I don't think he's a HOF'er, but I can see the argument. If this were baseball, he would be "clutch," "calm under pressure," and all sorts of other platitudes writers use to justify very good players being selected to a museum for the very best players. The NFL seems a lot more rigid in their criteria for the most part. Curious how the evolution of the game, and skill positions on general will affect this line of thinking.
 

Super Nomario

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Edelman has been a great Patriot but I cannot look at the 15 finalists for the HOF last weekend (only five of whom can make it) and think he is more qualified than any of them. Hines Ward can't get from the top 25 to the top 15; he has more than twice as many yards as Edelman, nearly three times as many touchdowns, also was a Super Bowl MVP and big-time playoff performer (not as many yards as Edelman but still 1100+, and 10 TD in the same amount of games vs Edelman's 5), made four Pro Bowls (to Edelman's zero), had six 1000 yard seasons (to Edelman's two), had three 10+ TD seasons (Edelman has never had more than 7) ... it's not close. And Ward is a guy who is no lock to get enshrined.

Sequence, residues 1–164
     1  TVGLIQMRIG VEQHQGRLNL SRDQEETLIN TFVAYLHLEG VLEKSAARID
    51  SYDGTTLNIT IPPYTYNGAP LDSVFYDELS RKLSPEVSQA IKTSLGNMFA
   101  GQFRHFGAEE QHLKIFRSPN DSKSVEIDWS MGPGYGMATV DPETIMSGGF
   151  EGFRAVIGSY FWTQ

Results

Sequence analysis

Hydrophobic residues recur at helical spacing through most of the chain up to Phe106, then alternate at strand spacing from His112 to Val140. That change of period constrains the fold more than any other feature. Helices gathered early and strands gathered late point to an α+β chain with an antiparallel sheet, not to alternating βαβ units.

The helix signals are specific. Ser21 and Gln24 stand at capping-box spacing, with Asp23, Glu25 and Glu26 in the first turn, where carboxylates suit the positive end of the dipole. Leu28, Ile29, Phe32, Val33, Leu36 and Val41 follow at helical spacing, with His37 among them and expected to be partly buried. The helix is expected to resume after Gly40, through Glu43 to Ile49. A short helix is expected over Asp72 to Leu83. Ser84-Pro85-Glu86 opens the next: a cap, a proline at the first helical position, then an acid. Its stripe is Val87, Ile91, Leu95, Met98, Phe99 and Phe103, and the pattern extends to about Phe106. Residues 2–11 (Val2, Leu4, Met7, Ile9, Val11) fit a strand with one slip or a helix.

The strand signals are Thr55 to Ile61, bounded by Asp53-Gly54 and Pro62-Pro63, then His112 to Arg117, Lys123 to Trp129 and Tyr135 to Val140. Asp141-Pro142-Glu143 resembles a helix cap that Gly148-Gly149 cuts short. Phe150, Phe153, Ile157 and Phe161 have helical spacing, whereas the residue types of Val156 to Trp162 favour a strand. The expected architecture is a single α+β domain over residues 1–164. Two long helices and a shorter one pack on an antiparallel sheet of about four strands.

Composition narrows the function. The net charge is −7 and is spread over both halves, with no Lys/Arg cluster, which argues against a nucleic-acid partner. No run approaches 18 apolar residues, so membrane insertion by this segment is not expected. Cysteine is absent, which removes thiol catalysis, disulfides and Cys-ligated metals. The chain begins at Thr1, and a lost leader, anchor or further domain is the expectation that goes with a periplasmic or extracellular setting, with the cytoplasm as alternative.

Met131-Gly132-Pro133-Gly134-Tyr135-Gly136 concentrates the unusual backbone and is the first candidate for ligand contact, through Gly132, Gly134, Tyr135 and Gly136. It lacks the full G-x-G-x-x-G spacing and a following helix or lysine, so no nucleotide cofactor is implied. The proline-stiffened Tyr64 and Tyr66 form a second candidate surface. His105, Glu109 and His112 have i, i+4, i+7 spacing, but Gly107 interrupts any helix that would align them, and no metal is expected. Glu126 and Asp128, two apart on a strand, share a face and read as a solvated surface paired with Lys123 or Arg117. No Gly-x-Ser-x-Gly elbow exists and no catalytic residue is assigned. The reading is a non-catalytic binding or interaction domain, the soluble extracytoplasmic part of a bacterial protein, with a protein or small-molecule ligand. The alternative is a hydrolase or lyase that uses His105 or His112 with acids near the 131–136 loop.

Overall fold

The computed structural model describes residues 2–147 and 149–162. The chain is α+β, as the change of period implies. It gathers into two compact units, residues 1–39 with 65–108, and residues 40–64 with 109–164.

Bergs

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I don't think any NFL writers give a crap about PEDs. If they did, they wouldn't be NFL writers. That doesn't mean they won't mention it as an ex post facto justification for voting "no," but even that is fraught with the dangers of acknowledging several decades of substance abuse in the league.

As for Jules' case, it's tough to say. The regular season counting stats aren't there, but holy shit, those playoff numbers (and accompanying signature moments). As a Pats fan, I am probably biased, but I say "yes", though likely not on the 1st ballot.
 

pappymojo